Tuesday, May 31, 2011
A few years ago, Jill Johnson began an adventure writing about small-town Minnesota. She wanted to focus on writing about towns under 100 in population. Jill began writing about them on a blog. Eventually it became a book project, that I am happy to say will be published in the not-too-distant future.
And the best part? St. Vincent is one of the towns featured in the book!
Saturday, May 28, 2011
This appeared on the editorial pages of the Winnipeg Free Press recently...
O'Neill met Métis leaders in Manitoba to enlist support for an invasion of Canada in an effort to weaken British oppression in Ireland." I would respond: what Métis leaders?
I have researched this issue extensively. William O'Donoghue had recruited four Fenian leaders to come to Manitoba. The Fenian Brotherhood did not officially sanction this trip, but provided funds for 300 muskets. They had about 30 men with them when they crossed the Manitoba border and ransacked the HBC post at Emerson, which was called "Fort Pembina."
Wednesday, May 25, 2011
The Sisters of the Propagation of the Faith began working in Pembina, in the mid 19th century...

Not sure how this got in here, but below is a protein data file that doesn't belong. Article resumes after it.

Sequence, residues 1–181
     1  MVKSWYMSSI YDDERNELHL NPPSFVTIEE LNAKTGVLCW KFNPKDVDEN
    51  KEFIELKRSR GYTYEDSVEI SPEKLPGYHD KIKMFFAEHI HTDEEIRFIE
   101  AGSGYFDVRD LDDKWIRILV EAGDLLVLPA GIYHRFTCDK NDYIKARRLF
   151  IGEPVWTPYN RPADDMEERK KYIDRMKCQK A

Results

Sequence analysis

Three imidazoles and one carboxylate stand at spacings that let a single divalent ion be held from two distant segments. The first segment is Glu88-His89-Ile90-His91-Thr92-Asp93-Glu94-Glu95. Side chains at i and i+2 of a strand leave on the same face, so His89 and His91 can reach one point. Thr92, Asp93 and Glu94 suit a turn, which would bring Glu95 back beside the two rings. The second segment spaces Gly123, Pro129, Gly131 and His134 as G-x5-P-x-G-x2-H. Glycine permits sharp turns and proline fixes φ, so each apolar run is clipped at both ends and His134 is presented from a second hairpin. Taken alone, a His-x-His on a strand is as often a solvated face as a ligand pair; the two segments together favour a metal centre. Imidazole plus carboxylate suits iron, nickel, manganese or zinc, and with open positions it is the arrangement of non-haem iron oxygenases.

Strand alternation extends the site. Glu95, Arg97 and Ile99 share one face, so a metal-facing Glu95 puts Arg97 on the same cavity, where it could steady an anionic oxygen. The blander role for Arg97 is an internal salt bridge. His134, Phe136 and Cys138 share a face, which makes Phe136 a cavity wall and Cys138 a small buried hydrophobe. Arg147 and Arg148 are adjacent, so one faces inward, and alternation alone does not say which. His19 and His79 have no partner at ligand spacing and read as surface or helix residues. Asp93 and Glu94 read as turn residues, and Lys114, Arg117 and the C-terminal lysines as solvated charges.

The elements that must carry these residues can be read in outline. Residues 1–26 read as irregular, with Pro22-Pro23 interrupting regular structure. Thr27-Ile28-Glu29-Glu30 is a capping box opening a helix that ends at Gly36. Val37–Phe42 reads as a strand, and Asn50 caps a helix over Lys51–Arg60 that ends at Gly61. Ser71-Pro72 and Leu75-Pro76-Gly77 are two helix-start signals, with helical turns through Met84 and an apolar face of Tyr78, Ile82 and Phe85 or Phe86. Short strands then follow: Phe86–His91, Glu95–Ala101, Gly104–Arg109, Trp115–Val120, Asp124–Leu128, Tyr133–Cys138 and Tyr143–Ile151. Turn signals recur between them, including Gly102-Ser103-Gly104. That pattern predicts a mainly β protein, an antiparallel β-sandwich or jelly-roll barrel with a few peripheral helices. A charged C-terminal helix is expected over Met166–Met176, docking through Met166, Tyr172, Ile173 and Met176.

Even into the 1870's, St. Vincent Catholics were being ministered to by priests coming from St. Boniface...
1856 - These sisters, seven in number, conduct an English, French, and Indian school, and by their knowledge of the languages used by different tribes they are particularly qualified for the instruction of persons of their own sex and of children. They have one hundred pupils in their schools. They receive boarders at the rate of $30.00 for six months. These sisters intend, as soon as circumstances permit, to extend their charitable labors to the sick.
1859 - This new order of sisters has been established especially for the instruction of children amongst the numerous half-breeds and the Indian tribes in the northern part of the diocese, as soon as their means will permit. They have now charge of St. Francis Xavier's Academy at Pembina, on the Red River of the North, Dacotah Territory.
From: A history of the Catholic church within the limits of the United States: from the first attempted colonization to the present time, Volume 4, by John Gilmary Shea